12. A computer storage medium having instructions stored therein for causing a computer to perform the method of claim 4.
13. A computer storage medium having instructions stored therein for causing a computer to perform the method of claim 5.
14. A computer storage medium having instructions stored therein for causing a computer to perform the method of claim 6.
15. A computer storage medium having instructions stored therein for causing a computer to perform the method of claim 7.
16. A computer storage medium having instructions stored therein for causing a computer to perform the method of claim 8.
Description
FIELD OF THE INVENTION

The present invention relates generally to an endoscopic imaging system and, in particular, to axial rotation correction of in vivo images.

BACKGROUND OF THE INVENTION

Several in vivo measurement systems are known in the art. They include swallowed electronic capsules which collect data and which transmit the data to an external receiver system. These capsules, which are moved through the digestive system by the action of peristalsis, are used to measure pH (“Heidelberg” capsules), temperature (“CoreTemp” capsules) and pressure throughout the gastro-intestinal (GI) tract. They have also been used to measure gastric residence time, which is the time it takes for food to pass through the stomach and intestines. These capsules typically include a measuring system and a transmission system, wherein the measured data is transmitted at radio frequencies to a receiver system.

U.S. Pat. No. 5,604,531, assigned to the State of Israel, Ministry of Defense, Armament Development Authority, and incorporated herein by reference, teaches an in vivo measurement system, in particular an in vivo camera system, which is carried by a swallowed capsule. In addition to the camera system, there is an optical system for imaging an area of the GI tract onto the imager and a transmitter for transmitting the video output of the camera system. The capsule is equipped with a number of LEDs (light emitting diodes) as the lighting source for the imaging system. The overall system, including a capsule that can pass through the entire digestive tract, operates as an autonomous video endoscope. The electronic capsule images even the difficult to reach areas of the small intestine.

U.S. Pat. No. 6,632,175, assigned to Hewlett-Packard Development Company, L. P., and incorporated herein by reference, teaches a design of a swallowable data recorder medical device. The swallowable data recorder medical device includes a capsule having a sensing module for sensing a biological condition within a body. A recording module is provided including an atomic resolution storage device.

U.S. patent application No. 2003/0023150 A1, assigned to Olympus Optical Co., LTD., and incorporated herein by reference, teaches a design of a swallowed capsule-type medical device for conducting examination, therapy, or treatment, which travels through the inside of the somatic cavities and lumens of human beings or animals. Signals, including images captured by the capsule-type medical device, are transmitted to an external receiver and recorded on a recording unit. The images recorded are retrieved in a retrieving unit, displayed on the liquid crystal monitor and compared, by an endoscopic examination crew, with past endoscopic disease images that are stored in a disease imaging database.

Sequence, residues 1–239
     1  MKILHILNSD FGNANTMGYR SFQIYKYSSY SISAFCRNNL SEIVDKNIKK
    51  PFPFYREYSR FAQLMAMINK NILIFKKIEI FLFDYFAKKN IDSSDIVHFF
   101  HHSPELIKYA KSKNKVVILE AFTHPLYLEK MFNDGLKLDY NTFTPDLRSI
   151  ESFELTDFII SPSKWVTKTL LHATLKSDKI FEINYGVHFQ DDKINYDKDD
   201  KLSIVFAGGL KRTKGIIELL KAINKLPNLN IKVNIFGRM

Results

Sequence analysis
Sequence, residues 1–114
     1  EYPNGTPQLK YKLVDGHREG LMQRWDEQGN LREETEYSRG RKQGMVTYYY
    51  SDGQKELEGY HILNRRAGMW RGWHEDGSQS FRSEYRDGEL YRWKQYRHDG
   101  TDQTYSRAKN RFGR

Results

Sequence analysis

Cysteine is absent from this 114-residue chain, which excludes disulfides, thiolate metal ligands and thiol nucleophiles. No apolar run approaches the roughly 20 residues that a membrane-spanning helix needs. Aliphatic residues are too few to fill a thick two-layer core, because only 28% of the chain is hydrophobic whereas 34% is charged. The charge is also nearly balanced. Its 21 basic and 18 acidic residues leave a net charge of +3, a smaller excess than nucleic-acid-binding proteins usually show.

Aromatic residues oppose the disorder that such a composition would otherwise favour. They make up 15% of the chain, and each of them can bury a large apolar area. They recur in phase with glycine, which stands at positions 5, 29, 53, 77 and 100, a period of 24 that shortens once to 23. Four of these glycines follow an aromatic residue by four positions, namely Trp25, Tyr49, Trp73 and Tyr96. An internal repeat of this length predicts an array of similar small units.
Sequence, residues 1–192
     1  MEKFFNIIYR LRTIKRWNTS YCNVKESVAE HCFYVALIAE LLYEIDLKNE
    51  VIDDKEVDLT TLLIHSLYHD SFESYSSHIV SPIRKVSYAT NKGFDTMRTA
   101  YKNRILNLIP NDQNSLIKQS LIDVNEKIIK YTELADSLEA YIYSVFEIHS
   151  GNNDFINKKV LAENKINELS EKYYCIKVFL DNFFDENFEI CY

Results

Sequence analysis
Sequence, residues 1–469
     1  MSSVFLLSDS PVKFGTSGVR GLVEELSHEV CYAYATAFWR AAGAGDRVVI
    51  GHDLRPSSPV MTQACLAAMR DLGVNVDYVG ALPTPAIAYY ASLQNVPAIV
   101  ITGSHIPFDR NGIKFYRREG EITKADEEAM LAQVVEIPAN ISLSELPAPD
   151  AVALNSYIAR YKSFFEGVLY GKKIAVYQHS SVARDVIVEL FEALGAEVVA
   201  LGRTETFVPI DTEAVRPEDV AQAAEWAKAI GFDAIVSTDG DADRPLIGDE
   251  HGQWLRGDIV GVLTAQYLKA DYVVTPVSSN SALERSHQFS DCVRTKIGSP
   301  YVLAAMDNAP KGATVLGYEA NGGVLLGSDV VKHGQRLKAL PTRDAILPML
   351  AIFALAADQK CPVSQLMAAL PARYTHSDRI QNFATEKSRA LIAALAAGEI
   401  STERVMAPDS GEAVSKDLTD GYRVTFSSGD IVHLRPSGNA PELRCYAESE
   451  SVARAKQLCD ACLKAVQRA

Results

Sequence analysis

One problem associated with the capsule imaging system is that when the capsule moves forward along the GI tract, there inevitably exists an axial rotation of the capsule around its own axis. This axial rotation causes inconsistent orientation of the captured images, which in turn causes diagnosis difficulties.

Hua Lee, et al. in their paper entitled “Image analysis, rectification and re-rendering in endoscopy surgery” (see http://www.ucop.edu/research/micro/abstracts/2k055.html), incorporated herein by reference, describes a video-endoscopy system used for assisting surgeons to perform minimal incision surgery. A scope assistant holds and positions the scope in response to the surgeon's verbal directions. The surgeon's visual feedback is provided by the scope and displayed on a monitor. The viewing configuration in endoscopy is ‘scope-centered'. A large, on-axis rotation of the video scope and the camera will change the orientation of the body anatomy. The effect of that is the surgeon easily gets disoriented after repeated rotation of the scope view.

Note, Hua et al. teaches a method for a controllable endoscopic video system (controlled by an human assistant). The axial rotation of the video camera can be predicted and corrected. Furthermore, the axial rotation can be eliminated by using a robotic control system such as ROBDOC™ (see, http://www.robodoc.com/eng/index.html).

Other endoscopic video systems are uncontrollable systems. The camera is carried by a peristalsis propelled capsule. The axial rotation of the capsule is random, therefore, unpredictable.

There is a need therefore for an improved endoscopic imaging system that overcomes the problems set forth above.

These and other aspects, objects, features and advantages of the present invention will be more clearly understood and appreciated from a review of the following detailed description of the preferred embodiments and appended claims, and by reference to the accompanying drawings.

SUMMARY OF THE INVENTION